The Clean Water Act has been hailed one half-century after its passage for taking steps to curb pollution on the nation’s riverways and streams, but improvements are still needed to ensure the law accomplishes its mission, natural resources attorneys say.
The law, an update to the Federal Water Pollution Control Act, was inspired in part by an environmental movement that amassed following fires in Ohio’s befouled Cuyahoga River in the 1960s. The law took effect Oct. 18, 1972—50 years ago on Tuesday—after Congress overrode President Richard Nixon’s veto of the bill because he thought its price tag of $24.6 billion (equal to $175 billion in today’s dollars) was too high.
“Congress overrode a presidential veto to enact the Clean Water Act, ushering in a sea change in the way we address water resources in this country,” said Noah Perch-Ahern, a partner at Greenberg Glusker LLP in Los Angeles.
The law created the regulatory structure for pollution into waters under federal jurisdiction. It set nationwide wastewater standards for industry, helped pay for sewage treatment plants, and required permits for point-source pollution discharges into navigable waters.
“There are more fishable waters today than there were 50 years ago, and water quality has improved significantly throughout the country,” Perch-Ahern said.
But even though the 2021 bipartisan infrastructure bill (Public Law 117-58) spent more than $20 billion on clean water infrastructure, funding remains one of the biggest hurdles to the act’s long-term success, the attorneys said.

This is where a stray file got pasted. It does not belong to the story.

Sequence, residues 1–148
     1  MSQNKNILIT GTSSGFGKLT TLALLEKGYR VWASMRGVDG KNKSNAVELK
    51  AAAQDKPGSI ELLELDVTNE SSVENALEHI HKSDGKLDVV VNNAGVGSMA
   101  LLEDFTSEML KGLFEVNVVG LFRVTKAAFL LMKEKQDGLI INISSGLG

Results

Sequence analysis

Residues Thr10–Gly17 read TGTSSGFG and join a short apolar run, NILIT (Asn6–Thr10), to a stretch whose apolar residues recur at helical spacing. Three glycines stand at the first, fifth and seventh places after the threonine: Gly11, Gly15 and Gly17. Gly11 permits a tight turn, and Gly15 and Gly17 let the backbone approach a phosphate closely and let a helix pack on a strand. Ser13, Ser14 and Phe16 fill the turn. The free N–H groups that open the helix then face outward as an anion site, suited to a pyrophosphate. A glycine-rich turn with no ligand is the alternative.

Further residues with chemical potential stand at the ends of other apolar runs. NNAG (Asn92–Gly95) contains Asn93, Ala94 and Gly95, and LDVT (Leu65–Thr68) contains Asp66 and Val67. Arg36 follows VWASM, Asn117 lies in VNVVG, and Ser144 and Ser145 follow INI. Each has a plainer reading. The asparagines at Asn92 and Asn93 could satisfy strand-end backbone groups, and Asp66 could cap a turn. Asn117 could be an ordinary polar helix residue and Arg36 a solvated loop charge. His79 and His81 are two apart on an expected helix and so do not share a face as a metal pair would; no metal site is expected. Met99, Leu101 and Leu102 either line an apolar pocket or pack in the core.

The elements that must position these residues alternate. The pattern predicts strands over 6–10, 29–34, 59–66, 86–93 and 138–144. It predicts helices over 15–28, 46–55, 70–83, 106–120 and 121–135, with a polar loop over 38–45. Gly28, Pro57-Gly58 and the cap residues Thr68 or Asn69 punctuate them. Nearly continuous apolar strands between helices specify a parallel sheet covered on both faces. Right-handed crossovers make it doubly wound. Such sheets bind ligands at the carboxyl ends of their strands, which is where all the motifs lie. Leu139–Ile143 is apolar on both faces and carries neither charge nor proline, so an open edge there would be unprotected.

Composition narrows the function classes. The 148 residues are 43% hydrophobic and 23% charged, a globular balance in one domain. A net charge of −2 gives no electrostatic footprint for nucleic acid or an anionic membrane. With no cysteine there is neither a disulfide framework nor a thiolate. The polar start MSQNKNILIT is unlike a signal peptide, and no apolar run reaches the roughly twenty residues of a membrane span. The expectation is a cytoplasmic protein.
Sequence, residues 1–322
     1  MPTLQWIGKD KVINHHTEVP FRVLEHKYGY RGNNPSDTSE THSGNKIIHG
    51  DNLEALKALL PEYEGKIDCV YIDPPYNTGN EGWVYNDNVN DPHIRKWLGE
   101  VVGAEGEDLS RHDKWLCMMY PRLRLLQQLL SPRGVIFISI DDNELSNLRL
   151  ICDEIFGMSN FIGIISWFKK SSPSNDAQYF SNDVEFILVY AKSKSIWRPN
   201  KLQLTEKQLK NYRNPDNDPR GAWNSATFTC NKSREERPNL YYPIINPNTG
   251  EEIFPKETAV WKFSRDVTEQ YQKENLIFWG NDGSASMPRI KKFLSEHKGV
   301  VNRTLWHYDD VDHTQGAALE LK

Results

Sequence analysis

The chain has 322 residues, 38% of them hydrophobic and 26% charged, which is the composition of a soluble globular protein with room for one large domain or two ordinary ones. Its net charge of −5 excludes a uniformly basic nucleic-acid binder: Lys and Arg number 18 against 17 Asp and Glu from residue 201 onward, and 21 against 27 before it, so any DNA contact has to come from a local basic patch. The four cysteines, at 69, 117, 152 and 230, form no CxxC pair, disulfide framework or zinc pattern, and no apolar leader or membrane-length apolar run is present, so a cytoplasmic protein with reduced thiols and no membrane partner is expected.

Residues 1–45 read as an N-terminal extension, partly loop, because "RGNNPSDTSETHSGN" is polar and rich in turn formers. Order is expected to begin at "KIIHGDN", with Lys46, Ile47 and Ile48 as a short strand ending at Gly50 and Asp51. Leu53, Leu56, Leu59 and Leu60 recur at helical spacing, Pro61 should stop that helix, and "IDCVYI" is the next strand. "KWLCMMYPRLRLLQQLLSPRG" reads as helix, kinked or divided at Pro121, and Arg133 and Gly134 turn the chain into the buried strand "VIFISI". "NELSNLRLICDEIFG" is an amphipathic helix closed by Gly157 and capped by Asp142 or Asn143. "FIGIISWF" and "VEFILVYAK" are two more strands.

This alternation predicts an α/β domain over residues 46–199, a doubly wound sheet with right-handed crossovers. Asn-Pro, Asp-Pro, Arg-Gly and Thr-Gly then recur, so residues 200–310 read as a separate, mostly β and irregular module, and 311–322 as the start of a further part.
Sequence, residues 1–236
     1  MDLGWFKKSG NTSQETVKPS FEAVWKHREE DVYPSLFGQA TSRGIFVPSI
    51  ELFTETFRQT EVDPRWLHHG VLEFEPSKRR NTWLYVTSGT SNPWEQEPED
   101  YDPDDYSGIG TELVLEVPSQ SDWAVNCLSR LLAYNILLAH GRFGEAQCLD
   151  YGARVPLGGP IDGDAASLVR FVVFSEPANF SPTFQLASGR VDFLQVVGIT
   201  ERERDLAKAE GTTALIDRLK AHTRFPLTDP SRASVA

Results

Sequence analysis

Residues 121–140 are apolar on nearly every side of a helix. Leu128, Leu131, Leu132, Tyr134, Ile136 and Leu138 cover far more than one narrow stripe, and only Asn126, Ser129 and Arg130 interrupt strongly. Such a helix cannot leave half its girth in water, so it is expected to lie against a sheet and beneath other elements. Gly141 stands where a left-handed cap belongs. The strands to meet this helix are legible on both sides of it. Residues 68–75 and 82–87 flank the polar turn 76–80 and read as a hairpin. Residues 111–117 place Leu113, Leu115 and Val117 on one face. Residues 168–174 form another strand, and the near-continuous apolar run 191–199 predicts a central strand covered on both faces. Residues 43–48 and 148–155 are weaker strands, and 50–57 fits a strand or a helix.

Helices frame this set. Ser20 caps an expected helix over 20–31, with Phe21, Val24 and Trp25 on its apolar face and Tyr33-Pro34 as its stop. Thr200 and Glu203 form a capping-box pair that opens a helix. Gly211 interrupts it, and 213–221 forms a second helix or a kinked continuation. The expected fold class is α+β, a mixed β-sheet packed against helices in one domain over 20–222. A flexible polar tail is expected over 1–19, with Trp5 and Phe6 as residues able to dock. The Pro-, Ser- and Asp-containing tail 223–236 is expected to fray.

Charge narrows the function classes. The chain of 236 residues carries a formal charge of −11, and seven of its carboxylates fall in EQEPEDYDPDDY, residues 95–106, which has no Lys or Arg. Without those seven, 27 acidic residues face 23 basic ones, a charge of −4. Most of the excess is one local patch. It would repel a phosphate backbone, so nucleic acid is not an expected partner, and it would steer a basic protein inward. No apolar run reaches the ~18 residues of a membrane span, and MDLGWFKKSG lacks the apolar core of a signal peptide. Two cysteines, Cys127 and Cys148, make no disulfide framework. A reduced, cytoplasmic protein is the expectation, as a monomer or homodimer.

The act’s greatest success so far is the National Pollutant Discharge Elimination System, which requires permits for industrial and stormwater pollution in waterways, according to Anna Wildeman, counsel at Troutman Pepper Hamilton Sanders LLP in Washington.
“The CWA envisioned that states would be the primary regulator of the NPDES program, and the act set out procedures for states to receive delegated authority with EPA’s approval,” said Wildeman, who served as EPA principal deputy assistant administrator in the agency’s Office of Water during the Trump administration.
“By and large, those programs run smoothly, protect water quality, and are fairly predictable for the regulated community,” she said.
However, the Government Accountability Office found in 2021 that the EPA lacks sufficient data to ensure that polluters are complying with the permits they receive.
Though the law has been successful in keeping untreated sewage out of rivers and made progress in eliminating industrial pollution from rivers, it has been less successful in reducing non-point-source pollution, including nutrient pollution, said Neal McAliley, an environmental lawyer at Carlton Fields PA in Miami.
Nutrient pollution leads to problems with eutrophication—algal blooms, fish kills and dead-zones in water bodies—that are growing today, he said.
“The act leaves most of regulation on nonpoint source pollution to the states because reducing that type of pollution requires land use controls,” McAliley said. “There are no simple mechanisms under the Clean Water Act to regulate it.”